The latest state of construction trade survey figures compiled and analysed by the Construction Products Association is interesting as it provides a clear picture of an industry drifting deeper into recession.
We seem to be, just from a cursory look at the graphs, very much at the beginning. And the pain, the survey commentary says, is now being felt across all sectors of construction.
In all honesty at this stage of the cycle the detail is almost irrelevant, though well worth a read nonetheless. The plain truth is that the impact of recessions spread. What may look good today might look less attractive tomorrow.
Yes, there are sectors doing better, but they are generally well recognised and will attract attention from hungry competitors rushing from sectors under more pressure. Foolishly perhaps.
The temptation, and it has been there for some while, is to seek out and hope for better signals from other surveys. But that is just wishful thinking. We are where we are.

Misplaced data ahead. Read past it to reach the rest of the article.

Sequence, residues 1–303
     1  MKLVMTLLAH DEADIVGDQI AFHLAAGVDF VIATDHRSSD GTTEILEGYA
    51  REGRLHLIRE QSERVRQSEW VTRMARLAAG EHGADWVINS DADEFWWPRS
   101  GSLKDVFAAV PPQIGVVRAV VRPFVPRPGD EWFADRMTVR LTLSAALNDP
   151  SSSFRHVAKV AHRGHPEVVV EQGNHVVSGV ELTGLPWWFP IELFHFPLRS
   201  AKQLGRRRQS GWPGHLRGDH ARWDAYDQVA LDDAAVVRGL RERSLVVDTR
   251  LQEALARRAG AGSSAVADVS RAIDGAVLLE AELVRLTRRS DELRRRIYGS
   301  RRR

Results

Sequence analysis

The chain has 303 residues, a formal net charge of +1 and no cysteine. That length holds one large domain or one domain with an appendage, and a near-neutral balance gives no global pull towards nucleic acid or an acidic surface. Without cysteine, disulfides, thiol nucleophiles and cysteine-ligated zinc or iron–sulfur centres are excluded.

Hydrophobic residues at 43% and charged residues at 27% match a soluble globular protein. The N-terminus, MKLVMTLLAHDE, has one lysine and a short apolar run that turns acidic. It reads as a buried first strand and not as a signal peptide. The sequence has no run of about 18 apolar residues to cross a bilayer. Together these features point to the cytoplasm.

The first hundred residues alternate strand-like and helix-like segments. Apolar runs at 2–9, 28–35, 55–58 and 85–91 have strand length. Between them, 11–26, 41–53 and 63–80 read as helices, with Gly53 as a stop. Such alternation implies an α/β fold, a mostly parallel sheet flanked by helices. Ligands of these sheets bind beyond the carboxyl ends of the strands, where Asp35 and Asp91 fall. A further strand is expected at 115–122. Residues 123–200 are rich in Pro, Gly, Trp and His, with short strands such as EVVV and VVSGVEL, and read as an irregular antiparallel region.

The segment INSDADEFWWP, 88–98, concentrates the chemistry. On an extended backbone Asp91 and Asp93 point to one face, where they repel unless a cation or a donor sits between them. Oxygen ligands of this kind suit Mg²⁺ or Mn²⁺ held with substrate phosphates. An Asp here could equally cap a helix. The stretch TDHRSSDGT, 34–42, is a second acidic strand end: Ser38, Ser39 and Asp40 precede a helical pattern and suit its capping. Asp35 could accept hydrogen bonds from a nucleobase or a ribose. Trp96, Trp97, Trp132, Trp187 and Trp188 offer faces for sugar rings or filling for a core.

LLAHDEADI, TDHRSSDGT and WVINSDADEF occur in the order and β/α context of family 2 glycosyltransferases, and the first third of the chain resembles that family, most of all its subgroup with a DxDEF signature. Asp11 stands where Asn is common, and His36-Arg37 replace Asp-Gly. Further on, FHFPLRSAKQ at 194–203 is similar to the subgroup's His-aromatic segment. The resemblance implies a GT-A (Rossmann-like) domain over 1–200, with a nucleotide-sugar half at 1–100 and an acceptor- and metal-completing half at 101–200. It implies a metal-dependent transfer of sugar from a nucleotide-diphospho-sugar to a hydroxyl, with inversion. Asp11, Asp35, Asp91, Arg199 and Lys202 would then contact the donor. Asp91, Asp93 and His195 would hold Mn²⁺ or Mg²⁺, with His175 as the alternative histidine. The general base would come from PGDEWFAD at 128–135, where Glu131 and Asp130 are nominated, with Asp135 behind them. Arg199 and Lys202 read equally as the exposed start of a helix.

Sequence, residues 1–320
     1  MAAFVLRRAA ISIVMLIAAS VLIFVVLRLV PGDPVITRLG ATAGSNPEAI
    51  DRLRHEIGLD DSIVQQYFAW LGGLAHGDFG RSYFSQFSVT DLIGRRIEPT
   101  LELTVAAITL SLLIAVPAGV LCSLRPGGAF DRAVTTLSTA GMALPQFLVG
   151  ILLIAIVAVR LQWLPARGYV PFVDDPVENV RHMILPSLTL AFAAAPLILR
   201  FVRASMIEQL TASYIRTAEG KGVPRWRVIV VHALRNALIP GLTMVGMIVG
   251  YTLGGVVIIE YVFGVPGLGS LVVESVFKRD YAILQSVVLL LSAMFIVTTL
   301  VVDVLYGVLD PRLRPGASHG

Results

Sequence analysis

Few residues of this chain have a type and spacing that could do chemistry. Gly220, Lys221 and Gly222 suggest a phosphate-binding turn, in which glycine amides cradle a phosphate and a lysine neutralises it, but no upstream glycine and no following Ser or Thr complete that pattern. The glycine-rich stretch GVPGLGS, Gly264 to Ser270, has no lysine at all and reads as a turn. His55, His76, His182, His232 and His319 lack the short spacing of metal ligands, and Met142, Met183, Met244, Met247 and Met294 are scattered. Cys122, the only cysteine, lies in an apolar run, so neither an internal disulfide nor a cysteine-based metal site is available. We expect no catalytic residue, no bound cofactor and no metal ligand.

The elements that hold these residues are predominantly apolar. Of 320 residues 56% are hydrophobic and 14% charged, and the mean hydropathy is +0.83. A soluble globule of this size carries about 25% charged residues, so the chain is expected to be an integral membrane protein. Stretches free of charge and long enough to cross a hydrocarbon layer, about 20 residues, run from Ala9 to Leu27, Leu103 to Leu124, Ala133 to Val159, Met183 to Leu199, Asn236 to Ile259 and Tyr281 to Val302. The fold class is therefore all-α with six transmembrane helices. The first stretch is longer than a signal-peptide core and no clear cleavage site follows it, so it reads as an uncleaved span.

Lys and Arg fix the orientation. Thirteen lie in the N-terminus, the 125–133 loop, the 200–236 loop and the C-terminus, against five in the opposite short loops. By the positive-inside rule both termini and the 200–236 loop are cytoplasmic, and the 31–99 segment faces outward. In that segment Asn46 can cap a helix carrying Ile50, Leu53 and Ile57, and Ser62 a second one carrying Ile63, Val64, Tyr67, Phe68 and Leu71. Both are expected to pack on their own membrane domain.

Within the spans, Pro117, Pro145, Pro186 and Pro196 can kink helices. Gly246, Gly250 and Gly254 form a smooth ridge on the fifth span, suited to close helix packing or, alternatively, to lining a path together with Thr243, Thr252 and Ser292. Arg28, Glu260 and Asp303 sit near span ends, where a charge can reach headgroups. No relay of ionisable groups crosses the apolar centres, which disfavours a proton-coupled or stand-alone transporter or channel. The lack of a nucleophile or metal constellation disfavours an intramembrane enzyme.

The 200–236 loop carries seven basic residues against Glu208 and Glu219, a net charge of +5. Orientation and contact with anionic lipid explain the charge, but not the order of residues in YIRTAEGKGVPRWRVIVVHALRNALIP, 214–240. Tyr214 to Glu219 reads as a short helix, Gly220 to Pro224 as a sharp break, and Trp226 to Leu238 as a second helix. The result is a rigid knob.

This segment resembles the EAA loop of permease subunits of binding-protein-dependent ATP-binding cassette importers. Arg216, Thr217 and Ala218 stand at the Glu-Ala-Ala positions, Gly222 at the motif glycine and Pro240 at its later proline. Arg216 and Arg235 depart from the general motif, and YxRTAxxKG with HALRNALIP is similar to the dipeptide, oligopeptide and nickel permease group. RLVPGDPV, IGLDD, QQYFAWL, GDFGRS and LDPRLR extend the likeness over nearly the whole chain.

What those with a sense of responsibility for the industry need to accept is that this will be a long haul and effort should centre on how best to preserve the best of what the industry can offer.
In this way when the industry returns to growth it will be strengthened not weakened, as has been the experience in the past.
It would be nice to think that the industry can retain some of the resolve of the mid-to-late 1990s to make every effort to avoid the mistakes of the previous recession.
Sadly, I see little sign of that so far.
Perhaps instead of trying to spot green shoots, we might spend more time exposing destructive behaviour and praising those who hold true to the spirit that flowed after the Latham-Egan reviews.
And, at the business level, there is little point seeking to dart here and there looking for the next hot, or least cool, sector. The best way to trade through a recession is to do well what you do well and to keep risks and uncertainties in check.